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What are the differences in Brushes

I got a Yaoi brush from Amazon. I think it was $10. It seems ok.
What is the difference between different brushes? Do they make lather differently? Softer?
Just trying to see what I should care about and what I can change to see most benefit.
What does the 24 mean?


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It's a Yaqi brush that some have recommended before you had a picture. The 24 is mm diameter of the knot at the base inside the brush.

You are about to get bombarded with recommendations going every which way and the only way to know what is right for you is to try things.

You can try to find synthetics with different characteristics, but they really don't vary that much. Boar brushes require a different technique and break in. I have completely switched to badger and have several that have different characteristics.

Some are SHD, high density silver tip hairs packed tightly together. Some are two band, a thicker hair that still has relatively soft tips. Some combine both for ultimate firmness.

Since you are going to bowl lather, you can probably use just about any brush that feels good on your skin. Face latherers need specific qualities. Some brushes have what is called flop and is a sign of a bad brush if you can't work the lather adequately.

Then there is shape...
Synthetics tend to be the softest, need very little break in, are the most durable and require less soap/cream. They also dry fastest

Badger is soft in the premium grades but the cheaper grades can be very scratchy. They have excellent water retention and hold onto heat well. Badger has the most sub categories and are, by far, the most expensive.

Boar start out stiff and take the longest to break in, but they become quite soft when they do. They tend to have good backbone and are usually not very expensive. The more you use a boar the better it gets.

...painting in very broad strokes.

Your brush looks like a Sagrada Familia. They're fantastic. Good choice. It will serve you well for a very long time.
I'm a Yaqi fanboy and the brush you have is a nice brush(it has a tuxedo knot 24mm, 24 is the diameter of the knot coming out of the handle). Yaqi makes beautiful brushes and if you like a softer skin feel of luxury brush they have some nice ones and I'm only going to mention 2 because it gets overwhelming IMO.
Rons 21 shave brushes (4).jpg

Both these are excellent lather generators, heavenly cloud like soft tips, gentle luxury scrubbers + excellent lather painters.
Yaqi 26mm Evil Red Zebra synthetic............................................Yaqi Chianti's 24mm synthetic
Yaqi #1 26mm evil zebra handle.(2).jpg
Yaqi #1 Chianti's 24mm synthetic (5).jpg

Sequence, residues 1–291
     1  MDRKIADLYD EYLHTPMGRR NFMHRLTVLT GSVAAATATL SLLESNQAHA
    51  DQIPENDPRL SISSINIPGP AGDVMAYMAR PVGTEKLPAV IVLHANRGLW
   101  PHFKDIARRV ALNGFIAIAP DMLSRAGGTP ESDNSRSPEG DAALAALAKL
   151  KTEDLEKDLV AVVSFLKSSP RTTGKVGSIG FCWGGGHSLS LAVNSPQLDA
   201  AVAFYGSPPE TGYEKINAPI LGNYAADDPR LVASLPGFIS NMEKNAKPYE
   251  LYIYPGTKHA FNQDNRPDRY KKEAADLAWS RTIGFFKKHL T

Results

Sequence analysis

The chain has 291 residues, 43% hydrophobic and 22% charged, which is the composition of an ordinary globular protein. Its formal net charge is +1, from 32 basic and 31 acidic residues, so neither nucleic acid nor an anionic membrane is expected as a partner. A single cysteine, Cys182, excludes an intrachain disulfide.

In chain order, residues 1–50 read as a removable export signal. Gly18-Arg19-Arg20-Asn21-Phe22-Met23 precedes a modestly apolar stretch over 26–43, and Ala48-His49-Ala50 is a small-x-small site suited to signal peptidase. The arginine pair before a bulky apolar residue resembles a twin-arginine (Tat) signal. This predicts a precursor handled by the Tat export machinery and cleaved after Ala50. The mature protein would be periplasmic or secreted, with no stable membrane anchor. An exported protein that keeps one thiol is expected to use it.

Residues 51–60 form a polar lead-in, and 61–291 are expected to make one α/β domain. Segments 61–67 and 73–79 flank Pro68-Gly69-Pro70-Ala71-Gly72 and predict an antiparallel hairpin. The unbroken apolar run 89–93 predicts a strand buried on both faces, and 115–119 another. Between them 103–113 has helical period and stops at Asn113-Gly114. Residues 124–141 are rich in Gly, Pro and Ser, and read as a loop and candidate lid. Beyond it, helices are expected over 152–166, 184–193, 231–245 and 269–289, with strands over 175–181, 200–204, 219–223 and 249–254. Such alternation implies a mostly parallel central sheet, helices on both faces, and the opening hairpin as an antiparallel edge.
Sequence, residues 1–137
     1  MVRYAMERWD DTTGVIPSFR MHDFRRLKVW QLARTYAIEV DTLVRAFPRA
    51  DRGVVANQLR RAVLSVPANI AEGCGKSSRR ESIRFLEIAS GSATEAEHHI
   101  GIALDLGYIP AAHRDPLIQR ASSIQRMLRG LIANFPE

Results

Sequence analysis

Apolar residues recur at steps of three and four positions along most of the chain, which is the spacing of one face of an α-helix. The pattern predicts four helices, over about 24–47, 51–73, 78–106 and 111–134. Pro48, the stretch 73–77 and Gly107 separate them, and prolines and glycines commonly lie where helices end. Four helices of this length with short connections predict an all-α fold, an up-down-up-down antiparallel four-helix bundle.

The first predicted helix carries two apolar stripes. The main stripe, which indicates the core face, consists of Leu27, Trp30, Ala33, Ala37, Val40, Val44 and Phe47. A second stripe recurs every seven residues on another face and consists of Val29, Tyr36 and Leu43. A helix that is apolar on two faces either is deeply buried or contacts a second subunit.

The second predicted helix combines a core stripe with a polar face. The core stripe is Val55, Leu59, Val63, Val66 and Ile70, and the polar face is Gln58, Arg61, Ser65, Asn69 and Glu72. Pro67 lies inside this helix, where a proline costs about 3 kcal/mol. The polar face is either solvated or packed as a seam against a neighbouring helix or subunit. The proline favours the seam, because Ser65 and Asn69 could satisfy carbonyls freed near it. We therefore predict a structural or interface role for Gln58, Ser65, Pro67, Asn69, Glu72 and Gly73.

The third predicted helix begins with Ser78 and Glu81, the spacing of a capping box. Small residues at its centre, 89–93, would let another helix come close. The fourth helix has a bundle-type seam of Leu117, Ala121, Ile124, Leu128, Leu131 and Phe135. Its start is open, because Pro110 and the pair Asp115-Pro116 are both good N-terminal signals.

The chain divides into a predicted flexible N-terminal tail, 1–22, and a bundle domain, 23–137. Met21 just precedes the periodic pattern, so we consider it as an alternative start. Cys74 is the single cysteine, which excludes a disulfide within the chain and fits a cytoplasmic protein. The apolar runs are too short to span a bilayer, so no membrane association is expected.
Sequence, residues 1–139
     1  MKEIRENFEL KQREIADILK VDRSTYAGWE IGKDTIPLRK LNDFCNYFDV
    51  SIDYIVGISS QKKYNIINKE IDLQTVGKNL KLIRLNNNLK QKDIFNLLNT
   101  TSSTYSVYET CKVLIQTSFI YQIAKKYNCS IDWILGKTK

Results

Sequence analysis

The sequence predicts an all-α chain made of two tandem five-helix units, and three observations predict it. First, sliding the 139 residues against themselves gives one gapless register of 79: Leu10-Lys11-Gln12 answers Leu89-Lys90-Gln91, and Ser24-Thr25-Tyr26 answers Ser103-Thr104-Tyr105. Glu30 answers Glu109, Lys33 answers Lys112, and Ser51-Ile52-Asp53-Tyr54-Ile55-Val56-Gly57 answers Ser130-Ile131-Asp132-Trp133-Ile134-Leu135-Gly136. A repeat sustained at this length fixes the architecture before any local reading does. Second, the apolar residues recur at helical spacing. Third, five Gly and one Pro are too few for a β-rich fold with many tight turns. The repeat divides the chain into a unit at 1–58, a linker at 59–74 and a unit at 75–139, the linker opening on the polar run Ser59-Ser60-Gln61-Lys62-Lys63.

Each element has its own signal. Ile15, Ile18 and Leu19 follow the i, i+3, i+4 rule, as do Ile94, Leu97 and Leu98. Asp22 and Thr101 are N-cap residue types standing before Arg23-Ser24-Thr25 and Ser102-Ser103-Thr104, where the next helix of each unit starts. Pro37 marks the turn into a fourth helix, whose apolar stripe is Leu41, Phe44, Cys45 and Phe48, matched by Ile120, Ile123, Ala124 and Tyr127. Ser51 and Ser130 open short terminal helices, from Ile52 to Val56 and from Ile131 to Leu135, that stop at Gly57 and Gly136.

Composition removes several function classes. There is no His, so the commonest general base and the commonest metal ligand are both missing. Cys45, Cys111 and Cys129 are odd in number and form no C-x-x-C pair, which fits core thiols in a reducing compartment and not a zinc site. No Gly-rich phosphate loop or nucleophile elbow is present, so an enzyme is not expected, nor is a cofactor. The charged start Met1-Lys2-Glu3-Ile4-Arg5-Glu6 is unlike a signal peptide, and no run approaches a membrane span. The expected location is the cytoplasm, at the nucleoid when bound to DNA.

Have some great shaves.
Its easy to form an opinion when you haven't tried a variety of things. Every brush i've ever tried was able to achieve the common goal of producing lather, but in the end i found that i enjoyed some variety, but i still found that i preferred real animal hair brushes over synthetics. I watched my grandfather and my own dad use animal hair brushes to make lather so there is the traditional aspect of it, but more than that, i prefer the feeling of animal hair on my face over synthetics. I don't think one is better than the other, but that's sort of the dividing line between types of brushes.

Feeling is everything in wet shaving and you need to find what you like to feel the best. I think for the most part gentlemen in particular like a brush that is about 24 mm in size, has some stiffness, or backbone, and is relatively soft on the face but has a scrubby feeling. That's sort of middle of the road and then preferences change in either direction. Others feel strongly about using animal parts and that is one way to make your decisions far easier and way more cost effective at that. No matter what you choose, every brush you buy will get you from point A to B.


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You are new to this "sport" and already have a synthetic brush .. I'd try a relatively inexpensive badger brush next. Everyone will have an opinion, but the one opined just above mine is pretty much on point. A Simpson's in Best Badger might be something to try - not too pricey but mine from 10 years ago still make lather when their turn is up.
That reminds me, there were some really good deals on Simpson brushes on Amazon earlier this year. If you get it from Alrossa, he is trustworthy. Best is good, but for ultimate softness look out for a deal on anything in Super Badger. Which is Silvertip. Should be within 100.